Objectives: (1) To describe the issues in developing a clinical predictor of cesarean delivery that could be used to adjust reported cesarean rates for case mix, and (2) to compare its performance to other, simpler predictors using clinical and statistical criteria.
Data sources: Singleton births greater than 2,500 grams in Washington State in 1989 and 1990 for whom mothers and infant hospital discharge records could be matched to birth certificate data.
Design: Statistical analysis of retrospective merged hospital and birth certificate data, which were used to develop variables and models to predict the probability that any particular delivery would be a cesarean.
Principal findings: Merged data led to better predictor variables than those based on one source. A simple four-category hierarchical classification into births with prior cesarean, breech but no prior cesarean, first birth, and other explains 30 percent of the variance in individual cesarean rates. The full clinical model fit the data well and explained 37 percent of the variance. Multiparas without serious complications comprised 35 percent of the mothers and averaged less than 2 percent cesareans. A hospital's predicted cesarean rate depends strongly on the proportion of its births that are first births.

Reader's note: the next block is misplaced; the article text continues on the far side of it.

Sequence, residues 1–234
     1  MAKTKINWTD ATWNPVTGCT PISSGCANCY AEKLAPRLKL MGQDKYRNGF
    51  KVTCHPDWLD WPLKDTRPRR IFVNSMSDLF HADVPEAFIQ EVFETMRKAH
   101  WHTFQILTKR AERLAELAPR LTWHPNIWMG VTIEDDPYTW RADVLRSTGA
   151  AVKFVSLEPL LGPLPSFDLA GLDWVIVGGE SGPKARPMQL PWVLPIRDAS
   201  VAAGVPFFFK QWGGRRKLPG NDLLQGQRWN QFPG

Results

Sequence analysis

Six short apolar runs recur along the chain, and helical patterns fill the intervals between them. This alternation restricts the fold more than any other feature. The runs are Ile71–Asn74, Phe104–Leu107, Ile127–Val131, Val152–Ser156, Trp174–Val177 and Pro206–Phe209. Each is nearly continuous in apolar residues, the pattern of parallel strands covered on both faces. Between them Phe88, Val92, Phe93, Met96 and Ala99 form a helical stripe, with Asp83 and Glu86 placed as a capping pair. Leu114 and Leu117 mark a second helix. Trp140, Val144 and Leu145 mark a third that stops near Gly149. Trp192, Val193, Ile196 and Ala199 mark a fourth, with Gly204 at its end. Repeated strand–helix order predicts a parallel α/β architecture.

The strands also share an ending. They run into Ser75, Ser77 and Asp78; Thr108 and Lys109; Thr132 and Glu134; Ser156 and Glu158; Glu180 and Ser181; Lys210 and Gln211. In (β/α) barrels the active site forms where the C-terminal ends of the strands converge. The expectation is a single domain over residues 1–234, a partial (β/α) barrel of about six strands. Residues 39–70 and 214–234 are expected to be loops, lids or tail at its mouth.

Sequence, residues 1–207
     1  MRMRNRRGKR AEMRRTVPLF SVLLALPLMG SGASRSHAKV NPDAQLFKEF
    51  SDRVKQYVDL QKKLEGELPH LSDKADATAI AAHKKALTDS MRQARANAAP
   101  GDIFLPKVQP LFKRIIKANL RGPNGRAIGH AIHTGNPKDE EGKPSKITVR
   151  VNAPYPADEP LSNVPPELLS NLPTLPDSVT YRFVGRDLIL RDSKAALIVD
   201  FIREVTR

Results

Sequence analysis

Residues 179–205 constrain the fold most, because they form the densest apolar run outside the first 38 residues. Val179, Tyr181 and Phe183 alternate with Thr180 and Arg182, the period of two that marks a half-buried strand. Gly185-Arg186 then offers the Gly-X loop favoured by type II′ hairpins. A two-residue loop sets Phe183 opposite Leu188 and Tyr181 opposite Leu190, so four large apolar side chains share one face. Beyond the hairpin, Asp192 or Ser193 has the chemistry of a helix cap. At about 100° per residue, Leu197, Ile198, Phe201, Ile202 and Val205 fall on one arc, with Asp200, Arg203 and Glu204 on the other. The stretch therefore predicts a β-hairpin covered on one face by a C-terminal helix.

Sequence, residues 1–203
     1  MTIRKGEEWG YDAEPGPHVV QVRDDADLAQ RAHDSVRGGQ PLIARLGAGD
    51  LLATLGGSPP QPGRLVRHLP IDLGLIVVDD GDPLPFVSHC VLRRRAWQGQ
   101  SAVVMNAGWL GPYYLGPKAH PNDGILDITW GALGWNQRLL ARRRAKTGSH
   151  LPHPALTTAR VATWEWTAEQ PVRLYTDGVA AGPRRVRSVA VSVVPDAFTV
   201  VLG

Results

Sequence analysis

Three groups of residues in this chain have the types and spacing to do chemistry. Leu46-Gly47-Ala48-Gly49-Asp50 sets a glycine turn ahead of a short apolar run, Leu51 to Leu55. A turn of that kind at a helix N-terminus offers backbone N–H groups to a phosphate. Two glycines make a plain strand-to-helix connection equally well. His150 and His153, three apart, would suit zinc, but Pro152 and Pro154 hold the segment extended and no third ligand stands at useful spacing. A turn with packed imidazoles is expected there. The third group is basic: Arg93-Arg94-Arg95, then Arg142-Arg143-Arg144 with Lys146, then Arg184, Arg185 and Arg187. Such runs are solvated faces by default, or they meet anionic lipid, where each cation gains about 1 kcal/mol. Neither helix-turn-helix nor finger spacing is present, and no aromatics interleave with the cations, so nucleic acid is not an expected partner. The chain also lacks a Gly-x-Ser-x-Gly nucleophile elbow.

Conclusion: Government and private agencies have reported cesarean rates as measures of hospital performance. Depending on data and resources available, both simple and complex measures of case mix can be used to adjust reported rates. These adjustments should not include all variables related to the rates. Proper adjustments may not alter hospital rankings greatly, but they will improve the validity and acceptability of the reports.